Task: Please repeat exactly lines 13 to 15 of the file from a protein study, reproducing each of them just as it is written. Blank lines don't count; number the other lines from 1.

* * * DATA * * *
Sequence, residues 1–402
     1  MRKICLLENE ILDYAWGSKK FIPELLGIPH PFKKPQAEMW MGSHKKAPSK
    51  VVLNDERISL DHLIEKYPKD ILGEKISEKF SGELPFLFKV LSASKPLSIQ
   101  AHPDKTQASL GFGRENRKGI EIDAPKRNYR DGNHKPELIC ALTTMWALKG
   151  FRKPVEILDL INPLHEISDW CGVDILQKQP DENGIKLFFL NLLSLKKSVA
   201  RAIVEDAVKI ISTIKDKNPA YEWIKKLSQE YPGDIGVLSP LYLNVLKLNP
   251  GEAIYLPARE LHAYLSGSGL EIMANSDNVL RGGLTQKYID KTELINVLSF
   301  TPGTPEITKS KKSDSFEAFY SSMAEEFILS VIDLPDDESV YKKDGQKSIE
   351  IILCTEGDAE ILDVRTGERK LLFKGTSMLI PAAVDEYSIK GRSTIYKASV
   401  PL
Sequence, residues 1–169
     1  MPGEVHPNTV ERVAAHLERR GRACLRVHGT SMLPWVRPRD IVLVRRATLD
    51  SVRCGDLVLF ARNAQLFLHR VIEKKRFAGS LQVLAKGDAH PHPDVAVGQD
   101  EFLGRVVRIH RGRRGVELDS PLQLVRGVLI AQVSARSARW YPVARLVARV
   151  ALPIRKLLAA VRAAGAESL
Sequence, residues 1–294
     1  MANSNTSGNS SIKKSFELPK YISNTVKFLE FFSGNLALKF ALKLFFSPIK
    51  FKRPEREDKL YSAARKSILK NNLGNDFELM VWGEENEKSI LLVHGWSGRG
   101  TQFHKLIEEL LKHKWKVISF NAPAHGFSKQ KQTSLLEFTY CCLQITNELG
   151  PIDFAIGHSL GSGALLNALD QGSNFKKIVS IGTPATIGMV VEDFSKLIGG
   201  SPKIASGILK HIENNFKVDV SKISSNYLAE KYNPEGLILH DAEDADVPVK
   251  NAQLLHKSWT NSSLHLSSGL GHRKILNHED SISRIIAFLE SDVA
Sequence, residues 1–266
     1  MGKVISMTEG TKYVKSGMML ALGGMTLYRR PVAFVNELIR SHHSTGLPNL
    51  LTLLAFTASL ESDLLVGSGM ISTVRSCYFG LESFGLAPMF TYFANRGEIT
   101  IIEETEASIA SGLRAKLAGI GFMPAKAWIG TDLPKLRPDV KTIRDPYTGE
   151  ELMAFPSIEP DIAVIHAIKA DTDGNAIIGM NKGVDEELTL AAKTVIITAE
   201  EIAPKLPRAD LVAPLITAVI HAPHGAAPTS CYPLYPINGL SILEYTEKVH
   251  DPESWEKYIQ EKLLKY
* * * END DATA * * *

    51  SVRCGDLVLF ARNAQLFLHR VIEKKRFAGS LQVLAKGDAH PHPDVAVGQD
   101  EFLGRVVRIH RGRRGVELDS PLQLVRGVLI AQVSARSARW YPVARLVARV
   151  ALPIRKLLAA VRAAGAESL